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PostPosted: Fri Nov 16, 2012 4:56 am    Post subject: Re: Load bearing wall weight Reply to specific post Reply with quote

Or he has very good error and omission insurance.
 
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jackinok
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PostPosted: Fri Nov 16, 2012 5:57 am    Post subject: Re: Load bearing wall weight Reply to specific post Reply with quote

would depend entirely on the load i would think. northern folks would need a much higher rated beam for the snow load for instance than ones in the south. overhead storage loads,etc could make a large difference.do a search on the net for I beam load carrying capacities, adjust them to your local codes /conditions,then add your est storage loads (+ maybe 10-20%).way too many variables without knowing your exact conditions,how beam is supported,etc etc.short answer get the biggest beam you can lay your hands on.
 
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willie in mn
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PostPosted: Fri Nov 16, 2012 6:01 am    Post subject: Re: Load bearing wall weight Reply to specific post Reply with quote

Pay an engineer for what he knows. There are a lot of factors that determine size needed. Weight of the bare roof, snow load in your location, support colunms, footings, soil type under footings, building codes, etc.
Any specs you get here are worth exactly what you pay-nothing. If it is not built strong enough, you are personally liable when it fails. Owner's insurance might be canceled. If anyone is injured or killed when it fails, you could be held liable for criminal negligence besides civil damages.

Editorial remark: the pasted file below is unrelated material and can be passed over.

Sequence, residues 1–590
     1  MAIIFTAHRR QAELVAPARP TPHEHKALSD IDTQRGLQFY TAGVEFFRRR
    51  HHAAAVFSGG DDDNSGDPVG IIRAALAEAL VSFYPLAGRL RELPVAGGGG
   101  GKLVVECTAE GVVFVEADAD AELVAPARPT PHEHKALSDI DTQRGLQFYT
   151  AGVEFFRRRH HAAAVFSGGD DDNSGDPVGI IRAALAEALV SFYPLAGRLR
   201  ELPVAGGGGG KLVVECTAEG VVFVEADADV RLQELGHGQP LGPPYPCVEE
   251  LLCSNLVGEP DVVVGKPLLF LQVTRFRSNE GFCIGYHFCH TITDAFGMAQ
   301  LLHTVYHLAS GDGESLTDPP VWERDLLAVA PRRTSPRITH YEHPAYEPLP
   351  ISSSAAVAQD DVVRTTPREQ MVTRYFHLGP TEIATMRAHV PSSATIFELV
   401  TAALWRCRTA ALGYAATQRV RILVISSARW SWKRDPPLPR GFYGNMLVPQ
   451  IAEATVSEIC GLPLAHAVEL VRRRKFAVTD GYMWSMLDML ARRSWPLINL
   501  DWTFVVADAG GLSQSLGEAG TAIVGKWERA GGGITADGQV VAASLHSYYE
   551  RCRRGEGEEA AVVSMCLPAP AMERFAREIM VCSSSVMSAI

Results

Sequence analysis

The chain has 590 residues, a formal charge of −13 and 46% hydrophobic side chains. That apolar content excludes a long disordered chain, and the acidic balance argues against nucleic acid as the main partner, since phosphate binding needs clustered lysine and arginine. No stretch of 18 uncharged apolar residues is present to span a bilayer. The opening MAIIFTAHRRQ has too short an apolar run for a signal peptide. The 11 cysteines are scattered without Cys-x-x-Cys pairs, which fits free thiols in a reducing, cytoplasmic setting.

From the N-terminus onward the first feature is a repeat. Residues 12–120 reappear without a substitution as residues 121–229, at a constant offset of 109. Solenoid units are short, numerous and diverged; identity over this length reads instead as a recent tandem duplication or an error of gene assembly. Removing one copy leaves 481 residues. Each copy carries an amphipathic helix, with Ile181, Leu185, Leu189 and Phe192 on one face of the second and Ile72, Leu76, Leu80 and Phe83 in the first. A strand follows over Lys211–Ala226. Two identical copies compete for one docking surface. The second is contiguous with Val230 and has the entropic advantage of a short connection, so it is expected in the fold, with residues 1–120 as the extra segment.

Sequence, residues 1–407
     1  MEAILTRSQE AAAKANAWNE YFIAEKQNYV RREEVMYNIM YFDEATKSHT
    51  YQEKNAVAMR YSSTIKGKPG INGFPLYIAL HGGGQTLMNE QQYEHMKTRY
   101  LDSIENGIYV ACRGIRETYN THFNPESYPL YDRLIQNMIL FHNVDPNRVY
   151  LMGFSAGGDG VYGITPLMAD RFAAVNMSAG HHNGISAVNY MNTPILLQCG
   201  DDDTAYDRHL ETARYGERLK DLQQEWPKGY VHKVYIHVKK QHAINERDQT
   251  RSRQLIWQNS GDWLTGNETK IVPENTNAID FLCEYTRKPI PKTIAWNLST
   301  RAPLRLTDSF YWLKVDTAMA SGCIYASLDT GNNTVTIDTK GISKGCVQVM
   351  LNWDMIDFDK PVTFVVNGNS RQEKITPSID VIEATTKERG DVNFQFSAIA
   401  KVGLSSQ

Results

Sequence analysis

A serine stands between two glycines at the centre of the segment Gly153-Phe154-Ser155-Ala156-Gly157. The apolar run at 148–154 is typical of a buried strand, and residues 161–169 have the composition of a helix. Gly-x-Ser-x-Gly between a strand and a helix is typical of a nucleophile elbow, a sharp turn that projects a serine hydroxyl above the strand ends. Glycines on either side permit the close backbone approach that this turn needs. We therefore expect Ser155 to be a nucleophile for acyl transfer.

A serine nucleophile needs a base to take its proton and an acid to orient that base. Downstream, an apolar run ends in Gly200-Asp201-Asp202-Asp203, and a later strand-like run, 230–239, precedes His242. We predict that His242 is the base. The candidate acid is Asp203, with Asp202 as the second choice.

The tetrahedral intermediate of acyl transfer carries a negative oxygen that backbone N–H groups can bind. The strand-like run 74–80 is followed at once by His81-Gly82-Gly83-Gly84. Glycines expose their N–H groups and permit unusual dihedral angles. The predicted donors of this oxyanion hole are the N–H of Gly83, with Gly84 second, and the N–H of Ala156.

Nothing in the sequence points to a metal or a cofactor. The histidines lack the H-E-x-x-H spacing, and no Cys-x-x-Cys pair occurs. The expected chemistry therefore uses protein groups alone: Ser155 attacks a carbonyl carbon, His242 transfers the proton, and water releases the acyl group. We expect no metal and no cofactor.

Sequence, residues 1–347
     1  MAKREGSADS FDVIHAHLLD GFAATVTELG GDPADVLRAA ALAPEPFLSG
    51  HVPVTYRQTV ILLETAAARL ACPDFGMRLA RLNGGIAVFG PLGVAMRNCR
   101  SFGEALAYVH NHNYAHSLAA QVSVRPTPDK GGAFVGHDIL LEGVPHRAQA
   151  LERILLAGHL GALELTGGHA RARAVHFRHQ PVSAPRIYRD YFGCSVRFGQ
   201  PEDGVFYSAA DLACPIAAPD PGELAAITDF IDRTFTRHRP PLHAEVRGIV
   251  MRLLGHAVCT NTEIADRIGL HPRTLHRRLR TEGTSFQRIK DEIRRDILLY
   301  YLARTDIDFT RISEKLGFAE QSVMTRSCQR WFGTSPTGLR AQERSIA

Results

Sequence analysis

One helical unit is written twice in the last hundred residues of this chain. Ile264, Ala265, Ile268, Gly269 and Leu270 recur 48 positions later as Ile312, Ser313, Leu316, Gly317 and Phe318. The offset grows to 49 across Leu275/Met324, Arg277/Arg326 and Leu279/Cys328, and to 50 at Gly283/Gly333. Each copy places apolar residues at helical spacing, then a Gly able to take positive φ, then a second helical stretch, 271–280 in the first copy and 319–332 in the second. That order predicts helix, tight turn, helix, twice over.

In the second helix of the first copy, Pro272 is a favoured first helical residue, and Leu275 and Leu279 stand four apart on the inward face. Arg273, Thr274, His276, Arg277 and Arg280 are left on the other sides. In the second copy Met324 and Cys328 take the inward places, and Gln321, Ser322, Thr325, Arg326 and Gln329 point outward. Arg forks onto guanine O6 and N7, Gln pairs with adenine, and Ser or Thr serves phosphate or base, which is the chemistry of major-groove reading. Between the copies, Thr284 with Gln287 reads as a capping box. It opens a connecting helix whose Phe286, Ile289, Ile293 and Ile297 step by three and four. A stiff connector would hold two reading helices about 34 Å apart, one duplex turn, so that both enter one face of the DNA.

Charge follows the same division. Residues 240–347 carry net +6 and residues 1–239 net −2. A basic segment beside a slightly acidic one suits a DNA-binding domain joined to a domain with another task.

Don't be penny wise but dollar foolish.
End of rant.
Willie
 
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David G
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PostPosted: Fri Nov 16, 2012 7:13 am    Post subject: Re: Load bearing wall weight Reply to specific post Reply with quote

Hire a structural engineer, well worth the money.
 
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paul
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PostPosted: Fri Nov 16, 2012 7:35 am    Post subject: Re: Load bearing wall weight Reply to specific post Reply with quote

26 foot span? Can you have a post in the middle and make it 2 13 foot spans?

Liabilty will keep anyone who really knows from saying anything. The rest of us would just be guessing.

The slope of your roof, wind load and/or snow load for your location all would make a huge difference.

Any of your friends have a building with a 26 or 28 foot side door on a sidewall, copy what they have?

That's a pertty good span.

--->Paul
 
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EX 450 Owner
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PostPosted: Fri Nov 16, 2012 8:35 am    Post subject: Re: Load bearing wall weight Reply to specific post Reply with quote

Use your internet browser to find LSB light steel beam. I have never used it but my SIL just used to replace a bearing wall. He went to a local lumber yard that was listed as one of 2 in our area that carried LSB and they gave him some software to calculate the size of beam he needed. When he decided to go that way the engineering department at the lumber yard confirmed his figures.

I cannot remember the height of the beam but it was 24 foot long and 2 guys carried it and put it in to place.

They told him if he wanted to cut down on the height of the beam he could put 2 units back to back and add wider support posts.